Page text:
18 Apr 2005 /

Explanations of daily changes in aggregate stock market indices are among the most ridiculous, speculative, and uncertain causal inferences made by journalists . . .

How do journalists know that a videotape appearance by OBL [Osama bin Laden] induced a swing of 00 [sic] points in a 500-stock index? To what trades did that explanation apply and to what degree? Can the journalist provide even one example of a trade for which that was the case? (“Yes, Lou, I moved out of IBM and into soybean futures this morning because I saw OBL take a walk on videotape.”) More that one example? Enough examples to explain the aggregate change? Compared to other reasons and strategies for buying and selling that day?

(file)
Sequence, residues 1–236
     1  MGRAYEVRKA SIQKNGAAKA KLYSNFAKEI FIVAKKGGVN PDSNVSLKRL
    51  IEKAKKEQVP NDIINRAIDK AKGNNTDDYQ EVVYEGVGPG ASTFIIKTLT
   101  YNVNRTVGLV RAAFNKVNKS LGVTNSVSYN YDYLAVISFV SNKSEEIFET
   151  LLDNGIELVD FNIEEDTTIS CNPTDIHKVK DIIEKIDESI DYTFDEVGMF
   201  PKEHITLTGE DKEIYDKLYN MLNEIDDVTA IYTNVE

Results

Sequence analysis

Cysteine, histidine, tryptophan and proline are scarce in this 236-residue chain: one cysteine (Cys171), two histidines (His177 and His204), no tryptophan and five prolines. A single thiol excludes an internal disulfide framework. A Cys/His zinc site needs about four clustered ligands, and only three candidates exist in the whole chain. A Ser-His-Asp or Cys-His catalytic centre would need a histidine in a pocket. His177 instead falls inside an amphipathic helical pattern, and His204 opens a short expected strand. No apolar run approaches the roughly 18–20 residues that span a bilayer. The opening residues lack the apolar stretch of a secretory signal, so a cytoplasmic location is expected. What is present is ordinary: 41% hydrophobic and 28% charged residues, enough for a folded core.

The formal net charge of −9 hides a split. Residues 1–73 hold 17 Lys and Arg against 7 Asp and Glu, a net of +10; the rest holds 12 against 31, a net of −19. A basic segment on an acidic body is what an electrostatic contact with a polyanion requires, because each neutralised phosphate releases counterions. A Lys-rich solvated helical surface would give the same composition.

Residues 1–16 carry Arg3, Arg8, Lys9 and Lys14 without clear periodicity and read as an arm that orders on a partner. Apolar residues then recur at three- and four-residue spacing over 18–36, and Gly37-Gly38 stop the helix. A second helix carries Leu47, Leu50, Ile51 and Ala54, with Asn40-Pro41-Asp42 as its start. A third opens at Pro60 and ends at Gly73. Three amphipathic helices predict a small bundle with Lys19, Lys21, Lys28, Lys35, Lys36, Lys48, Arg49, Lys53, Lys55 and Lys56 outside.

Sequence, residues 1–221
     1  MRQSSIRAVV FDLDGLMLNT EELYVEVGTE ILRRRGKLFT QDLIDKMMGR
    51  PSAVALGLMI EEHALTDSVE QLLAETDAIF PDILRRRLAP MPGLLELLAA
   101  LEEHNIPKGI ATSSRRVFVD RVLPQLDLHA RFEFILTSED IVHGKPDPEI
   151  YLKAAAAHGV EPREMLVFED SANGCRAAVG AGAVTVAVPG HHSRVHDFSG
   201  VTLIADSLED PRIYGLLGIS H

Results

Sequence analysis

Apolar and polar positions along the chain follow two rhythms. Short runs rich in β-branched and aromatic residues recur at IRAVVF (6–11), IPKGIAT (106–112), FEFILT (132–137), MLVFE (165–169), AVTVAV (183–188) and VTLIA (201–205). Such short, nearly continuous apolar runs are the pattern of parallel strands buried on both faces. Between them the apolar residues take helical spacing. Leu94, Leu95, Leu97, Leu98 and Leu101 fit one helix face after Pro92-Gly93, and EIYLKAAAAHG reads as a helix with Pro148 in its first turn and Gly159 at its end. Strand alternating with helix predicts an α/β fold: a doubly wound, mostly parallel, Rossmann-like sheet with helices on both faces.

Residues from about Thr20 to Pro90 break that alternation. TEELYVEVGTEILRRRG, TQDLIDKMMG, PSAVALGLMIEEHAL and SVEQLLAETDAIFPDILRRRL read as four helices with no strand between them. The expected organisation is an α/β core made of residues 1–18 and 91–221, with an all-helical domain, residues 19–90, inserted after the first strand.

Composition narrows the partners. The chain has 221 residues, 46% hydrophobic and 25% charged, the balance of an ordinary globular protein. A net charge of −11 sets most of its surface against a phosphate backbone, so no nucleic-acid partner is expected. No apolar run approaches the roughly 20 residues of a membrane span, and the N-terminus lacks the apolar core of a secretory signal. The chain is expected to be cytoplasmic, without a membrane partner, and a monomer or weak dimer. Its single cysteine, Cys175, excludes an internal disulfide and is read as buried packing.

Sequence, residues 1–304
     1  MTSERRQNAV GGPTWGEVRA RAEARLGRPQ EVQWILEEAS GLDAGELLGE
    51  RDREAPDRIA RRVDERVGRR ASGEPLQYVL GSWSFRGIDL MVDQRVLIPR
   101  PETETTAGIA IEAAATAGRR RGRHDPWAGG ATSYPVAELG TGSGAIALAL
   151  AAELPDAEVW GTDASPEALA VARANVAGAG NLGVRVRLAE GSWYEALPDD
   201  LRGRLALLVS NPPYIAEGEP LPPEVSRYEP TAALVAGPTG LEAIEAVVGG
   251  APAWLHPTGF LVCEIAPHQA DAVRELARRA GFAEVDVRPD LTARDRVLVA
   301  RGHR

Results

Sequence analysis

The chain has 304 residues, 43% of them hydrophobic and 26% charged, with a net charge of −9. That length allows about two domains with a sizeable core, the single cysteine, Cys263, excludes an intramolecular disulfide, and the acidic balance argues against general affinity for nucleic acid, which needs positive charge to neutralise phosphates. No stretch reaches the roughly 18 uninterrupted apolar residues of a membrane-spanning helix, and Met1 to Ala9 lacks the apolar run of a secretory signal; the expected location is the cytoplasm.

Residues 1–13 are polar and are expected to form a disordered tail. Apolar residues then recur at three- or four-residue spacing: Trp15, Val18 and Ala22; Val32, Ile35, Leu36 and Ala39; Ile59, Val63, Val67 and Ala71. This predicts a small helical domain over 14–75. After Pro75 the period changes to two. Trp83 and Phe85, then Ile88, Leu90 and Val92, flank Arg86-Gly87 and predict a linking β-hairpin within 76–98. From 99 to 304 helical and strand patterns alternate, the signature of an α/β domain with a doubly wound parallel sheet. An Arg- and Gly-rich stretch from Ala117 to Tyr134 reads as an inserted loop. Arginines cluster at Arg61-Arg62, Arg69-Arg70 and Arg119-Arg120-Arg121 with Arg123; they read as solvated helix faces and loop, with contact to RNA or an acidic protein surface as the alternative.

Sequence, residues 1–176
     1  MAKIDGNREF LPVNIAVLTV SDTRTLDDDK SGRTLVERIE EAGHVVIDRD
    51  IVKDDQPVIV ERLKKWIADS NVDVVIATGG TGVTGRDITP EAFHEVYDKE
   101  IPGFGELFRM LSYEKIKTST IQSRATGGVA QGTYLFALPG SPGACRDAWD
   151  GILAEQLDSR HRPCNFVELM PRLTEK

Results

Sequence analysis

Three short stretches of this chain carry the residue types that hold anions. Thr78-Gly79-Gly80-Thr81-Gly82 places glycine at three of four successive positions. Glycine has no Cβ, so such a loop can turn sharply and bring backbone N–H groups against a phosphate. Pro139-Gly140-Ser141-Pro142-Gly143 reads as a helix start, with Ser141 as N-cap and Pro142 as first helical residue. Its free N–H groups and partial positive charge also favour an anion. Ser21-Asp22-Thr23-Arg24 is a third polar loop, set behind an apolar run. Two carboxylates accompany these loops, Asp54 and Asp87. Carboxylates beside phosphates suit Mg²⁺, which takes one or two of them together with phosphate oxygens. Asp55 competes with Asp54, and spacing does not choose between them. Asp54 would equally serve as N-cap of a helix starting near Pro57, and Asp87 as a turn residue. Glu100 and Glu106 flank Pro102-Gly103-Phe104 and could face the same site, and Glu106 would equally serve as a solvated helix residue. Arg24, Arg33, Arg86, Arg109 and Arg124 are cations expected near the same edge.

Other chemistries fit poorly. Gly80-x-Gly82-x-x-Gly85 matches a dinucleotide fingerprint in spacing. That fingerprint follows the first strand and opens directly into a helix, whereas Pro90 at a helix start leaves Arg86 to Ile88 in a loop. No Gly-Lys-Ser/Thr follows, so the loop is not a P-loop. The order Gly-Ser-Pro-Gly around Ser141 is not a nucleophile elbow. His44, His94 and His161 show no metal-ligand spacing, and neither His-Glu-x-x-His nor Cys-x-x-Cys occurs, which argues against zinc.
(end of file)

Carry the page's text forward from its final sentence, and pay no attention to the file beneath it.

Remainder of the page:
In addition, what is the causal mechanism behind the conventional “Wall Street Wrap”? As the statistican William G. Cochran wrote, “A claim of proof of cause and effect must carry with it an explanation of the mechanism by which the effect is produced. Except in cases where the mechanism is obvious and undisputed, this may require a completely different type of research from the observational study that is being summarized.”

The Wall Street Wrap makes a different causal claim every day, which requires, in order to differ from astrology, some evidence about mechanism.

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